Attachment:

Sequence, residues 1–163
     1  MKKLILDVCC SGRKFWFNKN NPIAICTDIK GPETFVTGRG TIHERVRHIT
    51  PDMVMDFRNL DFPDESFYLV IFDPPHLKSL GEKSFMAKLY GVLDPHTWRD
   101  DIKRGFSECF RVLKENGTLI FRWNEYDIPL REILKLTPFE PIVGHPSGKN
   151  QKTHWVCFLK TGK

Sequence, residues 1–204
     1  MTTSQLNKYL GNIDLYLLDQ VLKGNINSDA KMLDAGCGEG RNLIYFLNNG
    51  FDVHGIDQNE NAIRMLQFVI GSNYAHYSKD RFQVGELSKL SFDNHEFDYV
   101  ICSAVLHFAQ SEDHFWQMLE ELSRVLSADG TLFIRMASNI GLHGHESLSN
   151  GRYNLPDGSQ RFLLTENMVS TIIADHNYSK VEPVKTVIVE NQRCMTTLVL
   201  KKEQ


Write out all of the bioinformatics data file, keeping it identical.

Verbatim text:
Sequence, residues 1–163
     1  MKKLILDVCC SGRKFWFNKN NPIAICTDIK GPETFVTGRG TIHERVRHIT
    51  PDMVMDFRNL DFPDESFYLV IFDPPHLKSL GEKSFMAKLY GVLDPHTWRD
   101  DIKRGFSECF RVLKENGTLI FRWNEYDIPL REILKLTPFE PIVGHPSGKN
   151  QKTHWVCFLK TGK

Sequence, residues 1–204
     1  MTTSQLNKYL GNIDLYLLDQ VLKGNINSDA KMLDAGCGEG RNLIYFLNNG
    51  FDVHGIDQNE NAIRMLQFVI GSNYAHYSKD RFQVGELSKL SFDNHEFDYV
   101  ICSAVLHFAQ SEDHFWQMLE ELSRVLSADG TLFIRMASNI GLHGHESLSN
   151  GRYNLPDGSQ RFLLTENMVS TIIADHNYSK VEPVKTVIVE NQRCMTTLVL
   201  KKEQ